Time helps heal wounds from tragedy
April 19, 2009
SUMMIT COUNTY ” On Tuesday, April 20, 1999, Columbine High School senior Katie Kompinski (now Katie Novak), was in the choir room when she heard a gunman was in the school.
“We didn’t exactly know what was going on,” she said. “People started running up the stairs and screaming. We had no idea who was in the school.”
Half the students in the choir room went to the auditorium, she said, and the other half went into the teacher’s office. Novak was trapped for three hours.
“We barricaded ourselves in the choir teacher’s room until the SWAT team came,” Novak said. “Sixty people crammed into the office, and some of the boys decided to put two big teacher’s desks against the door because it was glass. … When the SWAT team walked us out of the school, we saw lockers bashed in, and the cafeteria was flooded. We had to step over a dead body just outside of the cafeteria.”
The Columbine High School massacre occurred in Littleton. Two students ” Eric Harris and Dylan Klebold ” killed 12 students and a teacher, and wounded 23 others before committing suicide.
Looking back on the tragedy, Novak said that she learned how to deal with the circumstances, move forward and not stay angry at the past.
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“I didn’t want to believe it happened,” Novak said. “Going through the whole thing was really, really hard. It’s definitely something you’ll always be dealing with. You just learn to move forward, to move along with your life.”
Since high school, Novak attended the University of Colorado at Boulder and earned a degree in economics. After moving to Summit County in 2003, she married her college sweetheart, Ryan Novak, three years ago. She expects her first child July 3.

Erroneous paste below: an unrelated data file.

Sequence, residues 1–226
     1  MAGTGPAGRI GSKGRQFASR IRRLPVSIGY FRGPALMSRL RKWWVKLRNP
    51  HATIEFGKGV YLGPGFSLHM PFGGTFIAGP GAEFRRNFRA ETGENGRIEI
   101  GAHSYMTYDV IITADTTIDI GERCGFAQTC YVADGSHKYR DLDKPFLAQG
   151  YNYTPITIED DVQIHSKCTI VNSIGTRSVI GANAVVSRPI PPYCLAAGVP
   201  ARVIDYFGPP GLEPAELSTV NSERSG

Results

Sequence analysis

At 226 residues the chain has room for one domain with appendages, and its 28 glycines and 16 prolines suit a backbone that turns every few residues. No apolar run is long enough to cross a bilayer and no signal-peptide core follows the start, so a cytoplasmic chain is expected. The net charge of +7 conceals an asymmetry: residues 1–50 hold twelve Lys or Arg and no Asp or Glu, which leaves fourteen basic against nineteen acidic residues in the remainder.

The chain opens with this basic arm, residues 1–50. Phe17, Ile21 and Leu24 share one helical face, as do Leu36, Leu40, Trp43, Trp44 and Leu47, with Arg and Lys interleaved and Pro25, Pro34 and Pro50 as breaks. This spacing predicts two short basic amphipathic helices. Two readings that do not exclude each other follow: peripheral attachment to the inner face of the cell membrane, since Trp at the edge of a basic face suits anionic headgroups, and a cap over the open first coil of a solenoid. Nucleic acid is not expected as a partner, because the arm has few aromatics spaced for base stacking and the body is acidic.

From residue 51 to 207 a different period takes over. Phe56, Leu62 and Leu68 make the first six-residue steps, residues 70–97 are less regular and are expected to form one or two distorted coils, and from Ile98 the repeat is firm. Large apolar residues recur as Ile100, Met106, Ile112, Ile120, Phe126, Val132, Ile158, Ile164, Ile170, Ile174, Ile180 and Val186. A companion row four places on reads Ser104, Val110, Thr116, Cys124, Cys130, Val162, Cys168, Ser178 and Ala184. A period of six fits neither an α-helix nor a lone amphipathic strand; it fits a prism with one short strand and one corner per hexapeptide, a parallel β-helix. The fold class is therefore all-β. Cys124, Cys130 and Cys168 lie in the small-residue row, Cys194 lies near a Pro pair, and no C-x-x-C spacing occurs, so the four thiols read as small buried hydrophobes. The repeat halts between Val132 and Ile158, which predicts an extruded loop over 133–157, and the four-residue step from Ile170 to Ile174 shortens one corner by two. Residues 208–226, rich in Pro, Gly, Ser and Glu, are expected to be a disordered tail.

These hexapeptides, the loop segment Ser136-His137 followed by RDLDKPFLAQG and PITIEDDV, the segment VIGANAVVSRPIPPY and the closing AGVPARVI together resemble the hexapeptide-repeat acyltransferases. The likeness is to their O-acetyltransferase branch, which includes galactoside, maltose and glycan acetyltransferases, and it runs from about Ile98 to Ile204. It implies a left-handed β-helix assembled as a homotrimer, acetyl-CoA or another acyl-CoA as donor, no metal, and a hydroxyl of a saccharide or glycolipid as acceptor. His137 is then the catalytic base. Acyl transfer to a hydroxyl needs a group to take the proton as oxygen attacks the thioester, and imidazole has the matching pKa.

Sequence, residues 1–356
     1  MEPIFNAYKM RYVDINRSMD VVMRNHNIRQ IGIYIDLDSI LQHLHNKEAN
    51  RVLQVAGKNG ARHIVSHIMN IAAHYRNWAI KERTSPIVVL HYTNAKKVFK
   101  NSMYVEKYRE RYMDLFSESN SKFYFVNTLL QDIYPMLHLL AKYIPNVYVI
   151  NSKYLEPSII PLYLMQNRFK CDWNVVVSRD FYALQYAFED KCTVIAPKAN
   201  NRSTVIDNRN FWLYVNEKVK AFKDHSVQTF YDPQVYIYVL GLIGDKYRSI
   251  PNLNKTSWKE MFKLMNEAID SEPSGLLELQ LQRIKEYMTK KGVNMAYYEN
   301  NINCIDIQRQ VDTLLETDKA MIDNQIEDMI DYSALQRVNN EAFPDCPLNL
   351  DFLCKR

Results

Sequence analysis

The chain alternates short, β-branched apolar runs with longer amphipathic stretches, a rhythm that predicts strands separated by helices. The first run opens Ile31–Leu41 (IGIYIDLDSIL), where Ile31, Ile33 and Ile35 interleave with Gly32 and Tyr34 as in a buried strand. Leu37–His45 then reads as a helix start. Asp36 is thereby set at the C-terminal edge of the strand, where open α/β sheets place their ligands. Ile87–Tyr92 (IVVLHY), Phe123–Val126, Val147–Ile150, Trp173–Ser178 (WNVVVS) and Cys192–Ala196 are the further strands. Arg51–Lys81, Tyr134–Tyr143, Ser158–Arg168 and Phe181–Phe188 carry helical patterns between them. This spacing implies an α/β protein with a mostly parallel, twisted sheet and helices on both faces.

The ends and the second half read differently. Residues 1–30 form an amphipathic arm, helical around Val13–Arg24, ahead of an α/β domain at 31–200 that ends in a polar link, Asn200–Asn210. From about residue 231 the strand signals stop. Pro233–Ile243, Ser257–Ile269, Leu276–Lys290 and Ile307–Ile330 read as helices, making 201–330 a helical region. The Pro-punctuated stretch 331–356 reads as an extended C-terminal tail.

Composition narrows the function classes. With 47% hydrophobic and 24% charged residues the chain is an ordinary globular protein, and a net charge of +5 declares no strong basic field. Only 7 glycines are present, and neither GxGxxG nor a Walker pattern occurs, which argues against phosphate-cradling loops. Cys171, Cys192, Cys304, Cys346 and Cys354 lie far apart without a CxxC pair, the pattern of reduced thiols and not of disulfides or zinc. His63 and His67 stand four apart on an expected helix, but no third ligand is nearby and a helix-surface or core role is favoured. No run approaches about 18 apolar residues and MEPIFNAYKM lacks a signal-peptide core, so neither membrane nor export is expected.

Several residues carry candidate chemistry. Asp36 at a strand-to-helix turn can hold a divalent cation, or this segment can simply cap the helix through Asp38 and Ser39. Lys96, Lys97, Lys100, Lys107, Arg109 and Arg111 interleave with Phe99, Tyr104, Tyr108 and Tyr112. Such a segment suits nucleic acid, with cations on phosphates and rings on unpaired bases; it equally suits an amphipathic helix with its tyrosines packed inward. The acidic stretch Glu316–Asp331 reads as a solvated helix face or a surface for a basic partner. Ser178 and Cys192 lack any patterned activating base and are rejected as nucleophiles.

“I don’t want to ever hold my child back,” she said. “I want (her) to always feel comfortable to talk to me or someone at school about any problems that they’re having.”
Novak isn’t nervous to send her child to one particular school over another ” “It can happen anywhere.”
“Above all, a situation like Columbine just makes you realize how precious life is, and to cherish every moment,” she said.
According to Novak, people should take media reports on the Columbine massacre with a grain of salt.
“Not everything that was said was necessarily true,” she said. “There’s lots of things that went on with those individuals (Harris and Klebold) that people don’t know about.”
Novak will attend a Columbine memorial today at 5 p.m. in the amphitheater at Clement Park in Littleton.
“I want people to learn from the experience,” she said. “There’s a lot of different ways to deal with people that you think are giving you a hard time rather than to just kill them.”
Caitlin Row can be reached at (970) 668-4633 or at firstname.lastname@example.org.